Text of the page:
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April 23, 2020

Document Execution at a Distance: Validation of Electronic Signatures and Remote Online Notarizations

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The COVID-19 national emergency has brought to the fore the need for legal recognition of electronic means to execute documents, including those that, by federal or state law, must be in writing and/or notarized. Prior to the COVID-19 outbreak, all of the states and the District of Columbia already had some form of law validating the use of electronic signatures, and some had adopted or proposed legislation authorizing the use of remote online notarizations (RONs). But within the past month, Congress, state legislatures and both federal and state executive authorities have ramped up efforts to add to the existing laws, recognizing that requirements for in-person notarizations and paper ("wet") signatures could detrimentally impede a wide range of significant activities during the COVID-19 social distancing period.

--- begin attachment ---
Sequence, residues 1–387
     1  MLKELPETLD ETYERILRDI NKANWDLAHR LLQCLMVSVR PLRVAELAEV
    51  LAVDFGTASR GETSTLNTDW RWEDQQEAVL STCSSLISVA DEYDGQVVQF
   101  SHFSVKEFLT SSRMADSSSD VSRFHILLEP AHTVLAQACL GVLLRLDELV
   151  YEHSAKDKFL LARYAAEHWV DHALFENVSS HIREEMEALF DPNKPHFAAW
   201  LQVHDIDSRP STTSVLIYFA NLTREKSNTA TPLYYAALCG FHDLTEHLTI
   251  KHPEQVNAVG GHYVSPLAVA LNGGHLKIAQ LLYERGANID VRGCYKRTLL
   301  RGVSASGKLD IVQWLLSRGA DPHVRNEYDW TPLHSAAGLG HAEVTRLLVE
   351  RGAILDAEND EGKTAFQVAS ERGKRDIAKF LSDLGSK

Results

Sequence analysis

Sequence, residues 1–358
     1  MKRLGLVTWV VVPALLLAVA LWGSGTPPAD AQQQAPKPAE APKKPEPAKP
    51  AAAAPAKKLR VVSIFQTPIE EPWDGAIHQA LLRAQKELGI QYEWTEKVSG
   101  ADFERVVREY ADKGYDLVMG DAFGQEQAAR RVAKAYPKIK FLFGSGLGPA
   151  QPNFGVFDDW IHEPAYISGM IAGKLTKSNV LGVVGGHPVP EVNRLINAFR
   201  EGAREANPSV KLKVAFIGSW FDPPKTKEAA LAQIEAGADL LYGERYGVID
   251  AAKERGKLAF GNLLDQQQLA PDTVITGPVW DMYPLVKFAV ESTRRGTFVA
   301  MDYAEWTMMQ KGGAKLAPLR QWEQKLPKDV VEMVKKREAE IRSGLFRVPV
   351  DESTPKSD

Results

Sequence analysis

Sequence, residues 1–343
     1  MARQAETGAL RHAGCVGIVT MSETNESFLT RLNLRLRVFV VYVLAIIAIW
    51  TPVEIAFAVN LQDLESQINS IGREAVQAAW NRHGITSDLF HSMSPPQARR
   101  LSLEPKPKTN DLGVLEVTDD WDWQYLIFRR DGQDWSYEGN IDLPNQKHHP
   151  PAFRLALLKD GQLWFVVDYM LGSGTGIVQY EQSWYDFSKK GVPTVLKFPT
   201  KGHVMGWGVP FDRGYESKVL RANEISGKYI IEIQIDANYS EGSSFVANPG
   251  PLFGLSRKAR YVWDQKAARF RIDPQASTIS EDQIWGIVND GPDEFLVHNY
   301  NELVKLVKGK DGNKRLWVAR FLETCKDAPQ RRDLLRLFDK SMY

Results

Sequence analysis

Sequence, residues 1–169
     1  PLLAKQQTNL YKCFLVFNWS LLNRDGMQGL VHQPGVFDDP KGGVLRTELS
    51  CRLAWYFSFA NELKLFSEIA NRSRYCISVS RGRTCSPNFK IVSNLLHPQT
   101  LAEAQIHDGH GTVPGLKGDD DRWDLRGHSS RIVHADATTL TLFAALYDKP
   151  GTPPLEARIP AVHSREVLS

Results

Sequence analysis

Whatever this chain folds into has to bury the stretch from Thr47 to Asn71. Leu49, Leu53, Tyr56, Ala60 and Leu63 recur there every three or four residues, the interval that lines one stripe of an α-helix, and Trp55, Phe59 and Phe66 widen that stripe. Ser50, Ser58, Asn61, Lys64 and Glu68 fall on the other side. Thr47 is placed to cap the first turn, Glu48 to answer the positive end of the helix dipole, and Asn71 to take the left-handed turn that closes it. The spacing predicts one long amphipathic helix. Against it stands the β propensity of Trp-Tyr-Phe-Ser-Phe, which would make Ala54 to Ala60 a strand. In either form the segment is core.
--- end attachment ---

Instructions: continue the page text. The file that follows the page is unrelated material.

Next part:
In Congress, a bipartisan push to permit RONs is being led by Senators Mark Warner (D-VA) and Kevin Cramer (R-ND). Their proposed Securing and Enabling Commerce Using Remote and Electronic Notarization Act of 2020 (SECURE Act) would authorize every notary in the United States to perform RONs. The SECURE Act has garnered support from, among others, the American Financial Services Association, American Land Title Association, Mortgage Bankers Association, and National Association of Insurance and Financial Advisors.

As shown in the chart at the end of this Advisory, as of this writing, 44 states (and counting) currently permit RONs pursuant to legislation and/or temporary emergency measures. Further, Alaska's legislature has passed a bill that is pending the Governor's execution. California, Massachusetts, North Carolina, Oregon, South Carolina and the District of Columbia have yet to enact RON legislation or temporary emergency measures.

© Arnold & Porter Kaye Scholer LLP 2020 All Rights Reserved. This Advisory is intended to be a general summary of the law and does not constitute legal advice. You should consult with counsel to determine applicable legal requirements in a specific fact situation.

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